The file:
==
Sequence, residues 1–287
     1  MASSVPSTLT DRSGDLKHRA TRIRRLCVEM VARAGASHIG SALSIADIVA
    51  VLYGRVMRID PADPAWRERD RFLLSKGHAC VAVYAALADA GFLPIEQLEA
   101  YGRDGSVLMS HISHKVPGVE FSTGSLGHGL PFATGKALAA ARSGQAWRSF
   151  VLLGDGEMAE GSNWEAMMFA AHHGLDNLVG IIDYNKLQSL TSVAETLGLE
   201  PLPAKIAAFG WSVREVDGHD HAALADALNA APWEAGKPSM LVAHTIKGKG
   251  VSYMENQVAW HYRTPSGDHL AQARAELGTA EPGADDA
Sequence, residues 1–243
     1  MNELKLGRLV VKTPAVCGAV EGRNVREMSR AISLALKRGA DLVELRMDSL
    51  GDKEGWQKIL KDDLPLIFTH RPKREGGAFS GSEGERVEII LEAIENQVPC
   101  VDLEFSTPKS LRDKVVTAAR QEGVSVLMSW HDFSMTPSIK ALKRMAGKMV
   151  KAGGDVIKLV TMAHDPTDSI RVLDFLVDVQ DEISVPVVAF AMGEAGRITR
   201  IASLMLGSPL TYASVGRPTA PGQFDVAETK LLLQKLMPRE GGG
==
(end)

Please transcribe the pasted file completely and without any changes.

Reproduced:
Sequence, residues 1–287
     1  MASSVPSTLT DRSGDLKHRA TRIRRLCVEM VARAGASHIG SALSIADIVA
    51  VLYGRVMRID PADPAWRERD RFLLSKGHAC VAVYAALADA GFLPIEQLEA
   101  YGRDGSVLMS HISHKVPGVE FSTGSLGHGL PFATGKALAA ARSGQAWRSF
   151  VLLGDGEMAE GSNWEAMMFA AHHGLDNLVG IIDYNKLQSL TSVAETLGLE
   201  PLPAKIAAFG WSVREVDGHD HAALADALNA APWEAGKPSM LVAHTIKGKG
   251  VSYMENQVAW HYRTPSGDHL AQARAELGTA EPGADDA
Sequence, residues 1–243
     1  MNELKLGRLV VKTPAVCGAV EGRNVREMSR AISLALKRGA DLVELRMDSL
    51  GDKEGWQKIL KDDLPLIFTH RPKREGGAFS GSEGERVEII LEAIENQVPC
   101  VDLEFSTPKS LRDKVVTAAR QEGVSVLMSW HDFSMTPSIK ALKRMAGKMV
   151  KAGGDVIKLV TMAHDPTDSI RVLDFLVDVQ DEISVPVVAF AMGEAGRITR
   201  IASLMLGSPL TYASVGRPTA PGQFDVAETK LLLQKLMPRE GGG